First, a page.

A Union Takes on the Housing Crisis
by Andrew Moss
You can’t have a living wage without sufficient affordable housing, and you can’t afford decent housing without a living wage.
These claims are being championed by the workers of one local, UNITE HERE Local 11, which represents more than 32,000 workers in hotels, restaurants, food service facilities, and concessions throughout Southern California and Arizona.
These claims are becoming more persuasive day by day – and not just for the region served by Local 11.
At a recent union rally, I heard LA airport concession workers speak of two-hour (and more) one-way commutes, and of the impossibility of living close to one’s workplace on the airport’s minimum wage of $18.04 an hour. With one commercial estimate putting average LA city rents at more than $2,700 per month for a one-bedroom apartment and over $3,800 for two bedrooms, workers now face enormous stresses in their personal and family lives. They’re demanding a living wage and enough affordable housing that they won’t have to work 17-hour days in order to rent an apartment reasonably close to work.
These issues aren’t confined to the city of Los Angeles. Over the past two years, California’s population dropped by 500,000, with a net out-migration exceeding that of any other state. The number one cause of that migration is the high cost of housing. People seeking more affordable housing, shorter commutes, and a better quality of life have fled to states like Nevada and Utah, which in turn are experiencing their own housing shortages and rising housing costs. In response to such trends, Utah’s governor, Republican Spencer Cox, recently declared, “Our biggest problems are more growth-related. We would love for people to stay in California instead of coming as refugees to Utah.”
Though Mr. Cox would prefer to see the issue as a California problem best confined within California’s borders, the reality is that economic hardship is a national issue, with homelessness, for example, impacting over half a million people nationwide. As theologian and anti-poverty activist Liz Theoharis has noted, “nearly half the population is either poor or a single $400 emergency away from poverty.” And this national crisis is not occurring in an impoverished nation, but in one in which extreme wealth continues to accumulate in the hands of a very few. (Theoharis notes how the wealthiest three individualsin the country are now collectively worth more than $300 billion).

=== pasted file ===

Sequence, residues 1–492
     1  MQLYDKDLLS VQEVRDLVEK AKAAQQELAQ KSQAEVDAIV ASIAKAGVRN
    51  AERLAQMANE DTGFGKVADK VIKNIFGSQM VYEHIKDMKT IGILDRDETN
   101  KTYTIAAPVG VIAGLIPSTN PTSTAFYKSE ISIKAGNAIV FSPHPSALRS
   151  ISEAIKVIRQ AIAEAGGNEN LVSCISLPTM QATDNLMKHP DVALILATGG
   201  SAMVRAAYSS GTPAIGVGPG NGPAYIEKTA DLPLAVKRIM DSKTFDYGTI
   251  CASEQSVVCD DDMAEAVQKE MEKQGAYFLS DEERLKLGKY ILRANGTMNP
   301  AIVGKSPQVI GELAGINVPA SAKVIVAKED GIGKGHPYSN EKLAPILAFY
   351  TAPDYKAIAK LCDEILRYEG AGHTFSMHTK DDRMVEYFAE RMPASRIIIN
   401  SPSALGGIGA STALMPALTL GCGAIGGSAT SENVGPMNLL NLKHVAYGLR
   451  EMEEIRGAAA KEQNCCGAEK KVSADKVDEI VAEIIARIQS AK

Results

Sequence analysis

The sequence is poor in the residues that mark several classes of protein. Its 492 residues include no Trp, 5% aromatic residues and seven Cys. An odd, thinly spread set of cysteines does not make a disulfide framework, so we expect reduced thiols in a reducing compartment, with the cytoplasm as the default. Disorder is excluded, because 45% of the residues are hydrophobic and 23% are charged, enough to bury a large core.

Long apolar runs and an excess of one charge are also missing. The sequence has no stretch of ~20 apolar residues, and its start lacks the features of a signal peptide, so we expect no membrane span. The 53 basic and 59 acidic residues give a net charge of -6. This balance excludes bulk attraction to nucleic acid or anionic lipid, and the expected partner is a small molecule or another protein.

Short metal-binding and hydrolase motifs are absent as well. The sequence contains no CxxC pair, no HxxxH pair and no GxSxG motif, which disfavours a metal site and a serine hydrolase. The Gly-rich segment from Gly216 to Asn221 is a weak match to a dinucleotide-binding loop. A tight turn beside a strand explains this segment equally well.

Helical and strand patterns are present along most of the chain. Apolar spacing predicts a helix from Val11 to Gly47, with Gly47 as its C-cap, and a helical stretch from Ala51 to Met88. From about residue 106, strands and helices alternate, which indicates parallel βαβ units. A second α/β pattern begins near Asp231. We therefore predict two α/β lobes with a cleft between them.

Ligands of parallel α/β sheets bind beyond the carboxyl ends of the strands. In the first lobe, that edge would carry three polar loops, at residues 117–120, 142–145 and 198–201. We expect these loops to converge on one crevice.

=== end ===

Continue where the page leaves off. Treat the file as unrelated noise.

As the most populous state in the nation, California is experiencing the crisis more extensively and, in some respects, more intensively, than other states. With its 9.8 million residents, Los Angeles County is the most overcrowded in the country. One LA community, the Pico Union district just west of downtown Los Angeles, has 40,000 people crammed into 1.33 square miles, a density greater than that of New York City. As LA Times reporters described the conditions, “generations of families squeeze into tiny apartments. Construction workers, seamstresses and dishwashers live in close quarters. Day laborers bunk with half a dozen or more strangers in living spaces intended for one or two people.”
With so many residents caught in a vise between low wages and the lack of affordable housing, it’s no wonder that many people fall into homelessness, losing their hold on apartments where rent has been raised, and finding themselves in shelters or on the streets. Homelessness among Latinos, in particular, has increased by 30 percent in the city in the last two years, and LA’s new mayor, Karen Bass, declared a state of emergency over homelessness at her inauguration last December.
For its part, UNITE HERE Local 11 joined with other organizations this past fall to support a successful city-wide ballot measure that will raise transfer taxes on real estate sales of $5 million and above, a measure expected to raise over $900 million for rent relief, low-cost housing, and programs to combat homelessness.
And the union has taken another step, garnering enough signatures to place a city-wide initiative on the March, 2024 primary ballot that would require hotels with vacancies to rent rooms to homeless people, with the city’s housing department providing payment vouchers at market rates. The measure would also require that hotels must provide affordable replacement housing if they demolish or convert existing housing for new hotel construction.
Hotel industry representatives strongly oppose the measure, claiming that hotels didn’t create the homelessness crisis, and they can’t be expected to provide a solution. But in testimony before LA’s City Council last year, hotel workers spoke of their own experiences with housing insecurity and homelessness, and they argued that the industry does indeed have a role to play. Currently, LA has the highest number of hotel rooms in the “construction pipeline” of any city in the country (19,815), with 22 hotels and 3630 rooms in construction. And the 2028 Olympics, to be held in the city, are certainly part of the equation.
By demonstrating the unequivocal links between inadequate wages and insufficient housing, UNITE HERE Local 11 is seeking to make clearly visible the fraying of the social fabric and the diminishing quality of life in our cities. And it is showing that a union has a unique and significant role to play in making the connection.
Andrew Moss, syndicated by PeaceVoice, writes on labor and immigration from Los Angeles. He is an emeritus professor (Nonviolence Studies, English) from the California State University.